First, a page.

So how can the business community benefit from this research? Firstly, Cian, Krishna and Elder have previously found that brand logos with more dynamism enhance brand evaluation. “So you would be more engaged with the brand,” Cian explained. “You feel more engaged with the brand if you watch the company’s advertisement.”

This is especially true in cases in which a logo or brand is encouraging a consumer to take a specific action — such as “buy this product” or “use this service.” According to Cian, “It’s a question of what is the sign and what is the meaning of the sign. If you are asking people to do an action, then having a dynamic sign is beneficial.” In cases in which you are not asking the viewer to take an action, a sign with higher dynamism does not have the same benefit.

Looking beyond consumer-facing signs, companies can also use more dynamic imagery to improve internal communications and reduce the risk of workplace injury. For instance, in cases in which employees operate heavy machinery, higher dynamism signs can be used to quickly convey instructions or warnings. Or if there is an extreme weather event, signs can be used to warn employees of slippery sidewalks or icy stairs.

“Signs that are more dynamic can actually help prevent accidents, and that’s traffic accidents, of course, but also any kind of accident, like people falling down because the floor is wet,” Cian said. According to 2015 data from the U.S. Bureau of Labor Statistics, private industry employers reported nearly 3 million nonfatal workplace injuries in 2014, and more than half of those resulted in days away from work, job transfer or restrictions on activities.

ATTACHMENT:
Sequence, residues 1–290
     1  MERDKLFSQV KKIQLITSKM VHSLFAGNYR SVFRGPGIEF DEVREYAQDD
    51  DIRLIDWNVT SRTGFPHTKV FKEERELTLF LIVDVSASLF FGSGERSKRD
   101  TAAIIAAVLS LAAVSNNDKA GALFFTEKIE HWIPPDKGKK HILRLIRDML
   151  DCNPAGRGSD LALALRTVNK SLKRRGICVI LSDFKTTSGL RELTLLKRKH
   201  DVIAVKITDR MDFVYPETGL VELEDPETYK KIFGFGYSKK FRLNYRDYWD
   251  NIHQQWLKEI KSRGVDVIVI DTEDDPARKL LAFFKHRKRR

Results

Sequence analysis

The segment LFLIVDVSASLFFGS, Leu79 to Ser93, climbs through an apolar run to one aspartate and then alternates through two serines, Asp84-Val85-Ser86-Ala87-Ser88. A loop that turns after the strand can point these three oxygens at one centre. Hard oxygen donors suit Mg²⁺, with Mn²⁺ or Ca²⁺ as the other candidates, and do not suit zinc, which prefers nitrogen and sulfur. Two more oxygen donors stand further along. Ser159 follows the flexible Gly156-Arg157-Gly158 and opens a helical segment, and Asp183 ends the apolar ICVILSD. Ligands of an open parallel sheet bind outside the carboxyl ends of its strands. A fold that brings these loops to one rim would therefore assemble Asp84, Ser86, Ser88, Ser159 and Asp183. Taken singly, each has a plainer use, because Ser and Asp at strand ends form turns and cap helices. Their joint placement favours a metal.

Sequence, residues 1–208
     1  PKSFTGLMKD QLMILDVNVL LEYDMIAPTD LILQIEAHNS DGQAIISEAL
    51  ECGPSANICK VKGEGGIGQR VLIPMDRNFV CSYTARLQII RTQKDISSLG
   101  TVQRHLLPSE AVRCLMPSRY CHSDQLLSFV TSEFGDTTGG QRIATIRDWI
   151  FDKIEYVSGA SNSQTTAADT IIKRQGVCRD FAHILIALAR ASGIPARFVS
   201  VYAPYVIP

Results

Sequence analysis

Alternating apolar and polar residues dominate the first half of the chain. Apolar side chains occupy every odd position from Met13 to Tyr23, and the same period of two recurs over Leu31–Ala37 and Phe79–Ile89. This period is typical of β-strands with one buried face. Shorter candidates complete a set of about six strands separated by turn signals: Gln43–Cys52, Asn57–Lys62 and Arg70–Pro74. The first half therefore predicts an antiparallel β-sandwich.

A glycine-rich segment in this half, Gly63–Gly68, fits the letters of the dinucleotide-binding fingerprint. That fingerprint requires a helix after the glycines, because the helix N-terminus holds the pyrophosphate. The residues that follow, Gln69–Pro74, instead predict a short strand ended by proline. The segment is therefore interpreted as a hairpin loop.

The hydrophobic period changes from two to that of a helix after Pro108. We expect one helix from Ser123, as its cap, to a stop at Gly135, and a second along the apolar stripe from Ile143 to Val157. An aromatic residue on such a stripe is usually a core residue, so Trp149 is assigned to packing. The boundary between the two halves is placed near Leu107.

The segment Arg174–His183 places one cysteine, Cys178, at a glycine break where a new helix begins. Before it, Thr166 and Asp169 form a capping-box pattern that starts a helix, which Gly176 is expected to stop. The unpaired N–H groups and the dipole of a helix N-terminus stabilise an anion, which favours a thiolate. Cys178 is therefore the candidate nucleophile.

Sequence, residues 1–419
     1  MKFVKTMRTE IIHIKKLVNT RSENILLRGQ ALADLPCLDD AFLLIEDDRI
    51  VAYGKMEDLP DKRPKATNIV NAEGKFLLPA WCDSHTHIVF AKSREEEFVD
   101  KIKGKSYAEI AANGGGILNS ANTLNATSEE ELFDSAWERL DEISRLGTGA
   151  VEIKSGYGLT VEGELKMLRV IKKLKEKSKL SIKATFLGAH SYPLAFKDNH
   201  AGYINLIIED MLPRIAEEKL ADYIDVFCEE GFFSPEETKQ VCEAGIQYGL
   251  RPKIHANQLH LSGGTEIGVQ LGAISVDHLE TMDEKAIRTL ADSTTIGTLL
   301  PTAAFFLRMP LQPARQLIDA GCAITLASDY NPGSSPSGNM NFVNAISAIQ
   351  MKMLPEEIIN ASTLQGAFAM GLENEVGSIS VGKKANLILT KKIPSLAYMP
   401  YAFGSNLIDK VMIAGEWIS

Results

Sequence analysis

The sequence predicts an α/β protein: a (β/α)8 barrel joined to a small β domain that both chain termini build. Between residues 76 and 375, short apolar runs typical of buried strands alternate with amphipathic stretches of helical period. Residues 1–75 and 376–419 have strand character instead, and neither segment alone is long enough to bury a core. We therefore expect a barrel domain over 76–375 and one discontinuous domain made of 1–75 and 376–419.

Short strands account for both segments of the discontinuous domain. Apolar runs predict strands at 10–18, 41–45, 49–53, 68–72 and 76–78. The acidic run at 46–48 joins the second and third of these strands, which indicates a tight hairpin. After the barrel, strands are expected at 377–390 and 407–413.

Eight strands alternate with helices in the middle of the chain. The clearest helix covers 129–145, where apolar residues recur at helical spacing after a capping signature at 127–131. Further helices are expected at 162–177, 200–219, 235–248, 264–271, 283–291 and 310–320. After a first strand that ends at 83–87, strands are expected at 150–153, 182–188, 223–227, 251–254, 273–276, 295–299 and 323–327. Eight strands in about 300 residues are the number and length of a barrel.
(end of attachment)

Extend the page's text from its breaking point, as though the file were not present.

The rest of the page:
Interestingly, for companies that typically rely on written warning signs, such as “Caution” or “Slippery When Wet,” Cian and his colleagues found that those signs are not as effective in that they elicit a later response.  “Sometimes you can write a big warning that says, ‘Do not cross the road’ or ‘The stairs are icy’ or ‘Watch out.’ And it can work. I’m not saying those signs don’t,” he said. But depending on the context, they do not work as well. In the study, the professors found that participants would slow down much sooner in reaction to a higher dynamism sign than a written control sign.

“We don’t have time to read everything,” Cian said, noting that this holds true whether we are driving or at work, distracted by upcoming meetings or unfinished tasks or chatty coworkers. “We are overwhelmed … so when we have symbols or images that very quickly can be seen and can convey that somehow we are supposed to react quickly, then a more dynamic image is useful.”

Luca Cian co-authored “A Sign of Things to Come: Behavioral Change Through Dynamic Iconography,” which appeared in the Journal of Consumer Research, with Aradhna Krishna of the University of Michigan’s Ross School of Business and Ryan S. Elder of Brigham Young University’s Marriott School of Management.

About the Faculty

Luca Cian

Cian’s area of marketing expertise encompasses consumer behavior and psychology, specifically as related to sensory marketing and social cognition.

His work has appeared in leading academic journals Journal of Marketing Research, Journal of Consumer Psychology and Journal of Consumer Research, and has been discussed on NPR and in other mainstream channels... Learn More